Festivals in Bhutan are known for their richness, vibrancy and happiness. The ancient expressions of Buddhist culture and legendary victories are re-enacted and celebrated around the country with such pomp and show that it attracts visitors and tourists from around the globe. Most of these festivals are dedicated to Guru Rimpoche – the saint who introduced Bhutan to Buddhism in the early 8th Century. The mystical dances, engaging performances, brave fire events, mysterious naked dances, enlightening re-creations and such comprise the festive celebrations. Sometimes there are rare displays of silk paintings and/or some ancient scrolls. The festivals in Bhutan never let you off the high. For a quick peek, join us on a virtual tour to the major festivals in Bhutan 2021.
Popular Festivals In Bhutan
1. Thimphu Tshechu Festival
Thimphu Tshechu is the biggest and the most popular festival of Bhutan. This is also called the national festival of Bhutan where thousands of people flock down, all decked up in fine colorful attires to be a part of the festivities. There are colors, there are dance performances, there are activities, and there are plays in this Bhutan festival in 2021. However, the colorful mask dances, where people and monks dance their heart out to celebrate life and cheeriness of Bhutan, steal the show.
2. Jambay Lhakhang Drup Festival
Naked dancing, fire dancing, mask dancing – Jambay Lhakhang Drup has it all. One of the main festival of Bhutan, there are traditional dances are performed to celebrate the foundation of Jambay Lhakhang Monastery and to honor Guru Rimpoche. Mewang – the fire ceremony, attracts thousands of tourists and features locals dancing under a flaming structure made of dry grass. Meanwhile, the event highlight is ‘Dance of Treasure’ – Tercham, where masked dancers and monks perform naked. This part of the festivities take place in the middle of the night.
3. Punakha Drubchen and Tshechu Festival
Out of all the festivals in Bhutan, Punakha Drubchen is most unique. It is about recreation of some consequential scenes and moments from the Tibetan Army battle of 17th Century. The local military officials recreate and re-enact the scenes dressed in full battle gear complete with swords. It is to celebrate the victory and to pay tribute to the villagers who came forward to drive out the Tibetan army out of their country. It shows gratitude to these people because of whom, Tibet was unable to take over Bhutan.
4. Wangdue Phodrang Tshechu Festival
The region of Wangdue Phodrang, central Bhutan, is famous for its ornamental speeches and songs known as Lozeys. The annual festival was introduced after the completion of Dzong, which is a fortress, in 1639. It is one such Bhutan festival, where locals and thousands of tourists come together to revel in the festivities and to celebrate life and merriment. The ‘Dance of Ox’ is also a major attraction, where people dance to ensure a peaceful afterlife. The festival is concluded with the unfurling of a gigantic scroll of various paintings, known as Guru Tshengye Thongdrol.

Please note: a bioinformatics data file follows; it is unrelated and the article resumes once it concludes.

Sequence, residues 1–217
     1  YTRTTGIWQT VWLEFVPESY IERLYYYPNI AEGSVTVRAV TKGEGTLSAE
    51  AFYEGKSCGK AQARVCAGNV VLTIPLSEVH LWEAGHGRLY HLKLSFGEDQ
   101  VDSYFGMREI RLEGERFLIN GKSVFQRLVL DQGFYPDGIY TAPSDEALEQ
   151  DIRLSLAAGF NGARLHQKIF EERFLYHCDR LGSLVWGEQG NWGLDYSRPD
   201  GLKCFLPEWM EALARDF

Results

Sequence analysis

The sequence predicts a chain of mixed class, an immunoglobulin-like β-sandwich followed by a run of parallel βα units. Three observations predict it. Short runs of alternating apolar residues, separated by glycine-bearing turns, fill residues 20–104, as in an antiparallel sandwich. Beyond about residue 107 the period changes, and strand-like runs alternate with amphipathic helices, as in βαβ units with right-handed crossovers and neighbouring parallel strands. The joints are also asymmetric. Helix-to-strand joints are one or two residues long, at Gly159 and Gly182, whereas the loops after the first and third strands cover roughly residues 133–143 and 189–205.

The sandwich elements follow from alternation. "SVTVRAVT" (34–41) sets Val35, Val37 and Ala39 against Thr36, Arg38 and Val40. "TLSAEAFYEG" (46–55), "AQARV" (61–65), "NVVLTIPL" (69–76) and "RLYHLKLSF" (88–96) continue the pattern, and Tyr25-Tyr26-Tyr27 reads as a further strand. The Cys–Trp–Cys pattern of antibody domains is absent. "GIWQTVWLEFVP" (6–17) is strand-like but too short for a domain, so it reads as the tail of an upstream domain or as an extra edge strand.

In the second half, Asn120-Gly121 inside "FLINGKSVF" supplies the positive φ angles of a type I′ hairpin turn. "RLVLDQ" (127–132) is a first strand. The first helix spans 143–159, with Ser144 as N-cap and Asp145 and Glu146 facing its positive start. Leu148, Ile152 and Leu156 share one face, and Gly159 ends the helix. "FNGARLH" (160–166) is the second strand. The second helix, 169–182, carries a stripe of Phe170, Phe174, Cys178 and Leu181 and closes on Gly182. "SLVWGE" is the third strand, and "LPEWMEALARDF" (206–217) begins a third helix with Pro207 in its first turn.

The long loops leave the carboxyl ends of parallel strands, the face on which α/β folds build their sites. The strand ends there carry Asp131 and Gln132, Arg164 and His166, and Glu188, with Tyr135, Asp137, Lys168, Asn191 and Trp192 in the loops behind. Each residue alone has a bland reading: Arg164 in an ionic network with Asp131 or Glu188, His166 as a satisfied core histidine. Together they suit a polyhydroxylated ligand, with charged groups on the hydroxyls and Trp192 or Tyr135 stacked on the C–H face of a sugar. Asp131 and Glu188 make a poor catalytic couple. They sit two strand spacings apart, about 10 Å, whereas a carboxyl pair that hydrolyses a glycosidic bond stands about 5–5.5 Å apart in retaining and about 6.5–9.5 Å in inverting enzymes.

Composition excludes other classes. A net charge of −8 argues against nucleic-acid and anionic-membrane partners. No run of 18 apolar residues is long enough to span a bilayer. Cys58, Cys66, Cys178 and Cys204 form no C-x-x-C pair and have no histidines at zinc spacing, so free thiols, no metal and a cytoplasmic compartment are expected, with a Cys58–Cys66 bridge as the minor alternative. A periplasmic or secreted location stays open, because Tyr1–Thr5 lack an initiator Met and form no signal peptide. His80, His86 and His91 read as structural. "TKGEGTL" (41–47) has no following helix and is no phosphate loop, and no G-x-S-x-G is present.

5. Paro Tshechu Festival
The Paro Tshechu is held in Paro Dzongkhag district and considered as one of the biggest religious festivals. This celebration continues for five days, usually during springtime on the 2nd Bhutanese Lunar month. The festival depicts the beautiful culture, tradition, and age-old customs followed in Bhutan. Monks and laymen dress up in vibrant costumes and dance together. On the last day, a gigantic thangka or embroidery painting is shown to all. It is believed that by witnessing this Throngdrel, it can cleanse the sins of the viewers.
6. Jomolhari Mountain Festival
The Jomolhari is celebrated for two days. Its magnificent theme and humble locals represent the cheer of the festival which is celebrated at the foothills of Mt. Jomolhari. The main attraction is the ‘Snow Leopard Show’ which aims at making people aware of the declining number of snow leopards in the region. The locals dress in their traditional attire and dance to folk songs.
7. Nimalung Festival
This three-day celebration is overflowing with traditional folk dances and vibrant attire. Don’t miss the main attraction, the Mask Dance, when locals beseech the gods for their blessings and pray to help them get rid of their misfortunes. The festival culminates with a rare display of a giant silk applique thangkha (painting) depicting Guru Padmasambava and other important deities.